The editing never ends. Misspelled words and other typos were found as my wife and I worked on formatting Shadows Beyond the Flames, giving us a chance to make last minute corrections. I’m sure there are more to be found by fresh eyes. That’s where you, the readers, come in. Like school text books, I’m open for business when readers report errors. Being an independent writer/publisher, I can afford to include the corrections in following editions. This is a good thing! Nothing frustrates me more than spotting an error in a big name author’s novel, especially when the book went to press ten times, or made it to an illustrated anniversary edition. The publishing industry knows it is cheaper to leave the typos in place rather than typeset the novel yet again. Independent publishers have more wiggle room in this regard (all due to technology). The errors can be fixed. That misplaced comma must be removed, and there corrected to they’re. “The king sits upon a thrown until he his throne down by his subjects. . .” Wait! Reverse that! Such typos can be the kiss of death for independent writers/publishers since they carry the stench of hack, amauture, dilettante--whether deserved or not.

Do I have a big ego? No! It’s HUGE! And it has to be if I’m going to tell readers to drop that lovely cash for my book. Yet I’m grounded enough to know I’m not Midas on the keyboard. (Well . . . not all the time.) I have no choice but to accept and seek criticism if I hope to grow as a writer. I may politely disagree but not until I take a look at the writing in question. As an independent writer, I don’t have the years of experience and knowledge contained within the name of that publishing company printed on the spine of the book you grabbed. I have myself, a cadre of proof readers, and people like Clayton Diggs who is willing to give a fellow a hand without expecting anything in return. (Please do not take my statements to mean Mr. Diggs is available to proofread unsolicited manuscripts.)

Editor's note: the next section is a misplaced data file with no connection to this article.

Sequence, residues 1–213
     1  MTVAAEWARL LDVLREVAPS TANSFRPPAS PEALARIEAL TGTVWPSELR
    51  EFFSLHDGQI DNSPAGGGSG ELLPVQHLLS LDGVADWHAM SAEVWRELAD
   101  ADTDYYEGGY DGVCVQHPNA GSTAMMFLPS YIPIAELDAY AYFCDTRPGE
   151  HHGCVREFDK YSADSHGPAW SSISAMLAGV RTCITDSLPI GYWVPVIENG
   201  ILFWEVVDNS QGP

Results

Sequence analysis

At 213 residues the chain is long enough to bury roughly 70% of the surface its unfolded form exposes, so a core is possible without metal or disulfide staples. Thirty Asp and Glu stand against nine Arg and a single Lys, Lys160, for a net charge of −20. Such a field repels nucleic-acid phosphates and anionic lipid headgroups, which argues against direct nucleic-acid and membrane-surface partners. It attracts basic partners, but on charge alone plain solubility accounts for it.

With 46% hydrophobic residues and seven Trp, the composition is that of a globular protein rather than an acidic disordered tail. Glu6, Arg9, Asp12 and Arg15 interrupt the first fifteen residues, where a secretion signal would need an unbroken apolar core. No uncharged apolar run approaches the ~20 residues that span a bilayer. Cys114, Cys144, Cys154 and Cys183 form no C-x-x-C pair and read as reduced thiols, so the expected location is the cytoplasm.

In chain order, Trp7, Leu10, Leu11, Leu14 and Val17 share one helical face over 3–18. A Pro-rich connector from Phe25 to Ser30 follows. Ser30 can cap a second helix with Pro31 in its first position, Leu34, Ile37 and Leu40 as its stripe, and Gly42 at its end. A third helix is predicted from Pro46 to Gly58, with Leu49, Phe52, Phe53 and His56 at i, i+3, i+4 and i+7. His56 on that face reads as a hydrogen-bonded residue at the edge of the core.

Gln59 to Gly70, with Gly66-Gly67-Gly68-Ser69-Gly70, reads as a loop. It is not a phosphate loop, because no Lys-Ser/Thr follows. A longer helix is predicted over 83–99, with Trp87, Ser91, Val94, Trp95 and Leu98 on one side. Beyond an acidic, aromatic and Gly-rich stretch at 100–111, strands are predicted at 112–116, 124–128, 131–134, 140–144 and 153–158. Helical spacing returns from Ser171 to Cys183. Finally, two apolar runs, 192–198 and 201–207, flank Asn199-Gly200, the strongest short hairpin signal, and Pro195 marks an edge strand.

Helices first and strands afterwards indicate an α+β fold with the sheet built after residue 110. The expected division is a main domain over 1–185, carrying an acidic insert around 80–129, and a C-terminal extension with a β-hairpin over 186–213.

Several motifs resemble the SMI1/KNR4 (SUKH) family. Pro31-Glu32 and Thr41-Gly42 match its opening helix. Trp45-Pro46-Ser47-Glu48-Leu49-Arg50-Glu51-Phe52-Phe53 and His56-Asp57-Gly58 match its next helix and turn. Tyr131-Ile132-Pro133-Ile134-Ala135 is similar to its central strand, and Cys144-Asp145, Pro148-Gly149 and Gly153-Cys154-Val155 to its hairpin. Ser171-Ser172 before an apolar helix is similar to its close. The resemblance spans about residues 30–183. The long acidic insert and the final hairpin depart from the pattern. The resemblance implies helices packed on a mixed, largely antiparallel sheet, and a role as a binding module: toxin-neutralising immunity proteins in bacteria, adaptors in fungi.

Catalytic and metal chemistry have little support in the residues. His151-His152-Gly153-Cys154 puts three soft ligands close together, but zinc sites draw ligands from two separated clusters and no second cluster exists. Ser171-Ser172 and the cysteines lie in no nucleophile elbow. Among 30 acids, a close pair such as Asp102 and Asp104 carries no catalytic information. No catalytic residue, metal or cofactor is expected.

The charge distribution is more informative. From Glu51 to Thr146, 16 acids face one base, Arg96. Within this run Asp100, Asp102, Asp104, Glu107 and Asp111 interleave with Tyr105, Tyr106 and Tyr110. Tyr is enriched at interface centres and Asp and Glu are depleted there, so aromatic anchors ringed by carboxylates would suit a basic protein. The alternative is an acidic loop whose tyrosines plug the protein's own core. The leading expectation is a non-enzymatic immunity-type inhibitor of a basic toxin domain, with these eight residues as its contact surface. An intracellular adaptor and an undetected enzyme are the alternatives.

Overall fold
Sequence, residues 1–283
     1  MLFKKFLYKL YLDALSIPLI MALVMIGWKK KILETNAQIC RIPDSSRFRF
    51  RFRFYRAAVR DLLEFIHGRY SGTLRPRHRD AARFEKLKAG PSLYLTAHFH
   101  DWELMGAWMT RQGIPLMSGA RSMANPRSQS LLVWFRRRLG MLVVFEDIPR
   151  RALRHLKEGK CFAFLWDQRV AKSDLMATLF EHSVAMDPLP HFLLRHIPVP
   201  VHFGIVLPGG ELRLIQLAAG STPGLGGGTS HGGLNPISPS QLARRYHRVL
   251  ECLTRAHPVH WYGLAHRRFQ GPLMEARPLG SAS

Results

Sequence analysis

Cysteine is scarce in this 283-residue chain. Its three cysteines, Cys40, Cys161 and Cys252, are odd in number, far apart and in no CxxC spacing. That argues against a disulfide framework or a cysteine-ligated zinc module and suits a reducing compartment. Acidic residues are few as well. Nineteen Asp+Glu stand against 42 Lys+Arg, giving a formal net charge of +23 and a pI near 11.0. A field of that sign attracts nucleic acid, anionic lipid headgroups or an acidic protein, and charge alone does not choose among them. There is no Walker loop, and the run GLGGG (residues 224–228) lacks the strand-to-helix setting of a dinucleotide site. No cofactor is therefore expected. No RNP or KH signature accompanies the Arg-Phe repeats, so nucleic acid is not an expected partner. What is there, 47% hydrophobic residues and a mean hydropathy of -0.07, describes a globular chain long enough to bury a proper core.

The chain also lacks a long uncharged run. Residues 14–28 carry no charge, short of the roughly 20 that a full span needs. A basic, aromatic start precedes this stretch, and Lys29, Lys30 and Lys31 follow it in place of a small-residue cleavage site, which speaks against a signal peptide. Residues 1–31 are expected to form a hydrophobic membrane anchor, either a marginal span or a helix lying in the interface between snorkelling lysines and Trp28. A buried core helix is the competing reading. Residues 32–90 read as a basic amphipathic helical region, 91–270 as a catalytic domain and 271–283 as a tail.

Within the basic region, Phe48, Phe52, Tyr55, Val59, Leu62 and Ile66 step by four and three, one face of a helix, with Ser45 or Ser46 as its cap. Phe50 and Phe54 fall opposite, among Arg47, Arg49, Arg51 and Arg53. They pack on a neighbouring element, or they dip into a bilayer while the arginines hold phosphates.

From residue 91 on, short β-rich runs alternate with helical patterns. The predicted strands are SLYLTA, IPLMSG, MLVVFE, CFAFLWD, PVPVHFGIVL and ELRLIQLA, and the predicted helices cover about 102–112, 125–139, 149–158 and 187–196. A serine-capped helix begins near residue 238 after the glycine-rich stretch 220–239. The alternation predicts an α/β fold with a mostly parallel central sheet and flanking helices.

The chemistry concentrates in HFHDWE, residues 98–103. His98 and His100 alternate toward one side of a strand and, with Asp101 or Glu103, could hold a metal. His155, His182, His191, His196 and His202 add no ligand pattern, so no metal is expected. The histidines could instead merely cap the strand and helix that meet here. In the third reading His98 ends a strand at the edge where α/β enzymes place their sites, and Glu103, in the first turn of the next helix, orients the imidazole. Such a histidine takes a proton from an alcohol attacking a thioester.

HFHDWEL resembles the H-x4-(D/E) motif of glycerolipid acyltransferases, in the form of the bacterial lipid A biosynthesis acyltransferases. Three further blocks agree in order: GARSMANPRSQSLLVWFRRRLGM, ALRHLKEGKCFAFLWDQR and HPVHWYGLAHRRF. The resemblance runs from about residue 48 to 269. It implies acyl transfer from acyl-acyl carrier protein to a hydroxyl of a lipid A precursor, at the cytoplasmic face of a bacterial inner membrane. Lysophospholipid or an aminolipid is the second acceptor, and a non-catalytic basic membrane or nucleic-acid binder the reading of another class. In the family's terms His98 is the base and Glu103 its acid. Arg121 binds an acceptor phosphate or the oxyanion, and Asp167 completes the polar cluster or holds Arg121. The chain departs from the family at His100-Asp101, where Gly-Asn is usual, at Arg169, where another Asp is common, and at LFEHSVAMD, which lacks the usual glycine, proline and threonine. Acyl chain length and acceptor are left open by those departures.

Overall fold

As the release of “Shadows Beyond the Flames” approaches, work is underway on my website. We (that is the royal we because I’m a royal pain) are constructing a forum where readers will be able to identify the poop that made its way into publication. Those recommendations, if agreed upon, will find their way into the second edition. I also give credit where credit is due. Participants in the forum will find their name in the acknowledgments after every nugget of poop has been gathered and flushed for a cleaner second edition.

My job is to provide my readers with entertaining stories. Mistakes tend to rip readers out of the story, forcing them to puzzle out the writer’s intention. I’d rather keep you, the reader, engaged in the story rather than reviewing your knowledge of literature as your eyes pass over a “whether” that should have been “weather.” I’m certain those instance can be eliminated with your help.

Thank you for your forthcoming criticism.

To learn more about J. M. Tresaugue visit:

To Learn more about Clayton Diggs visit: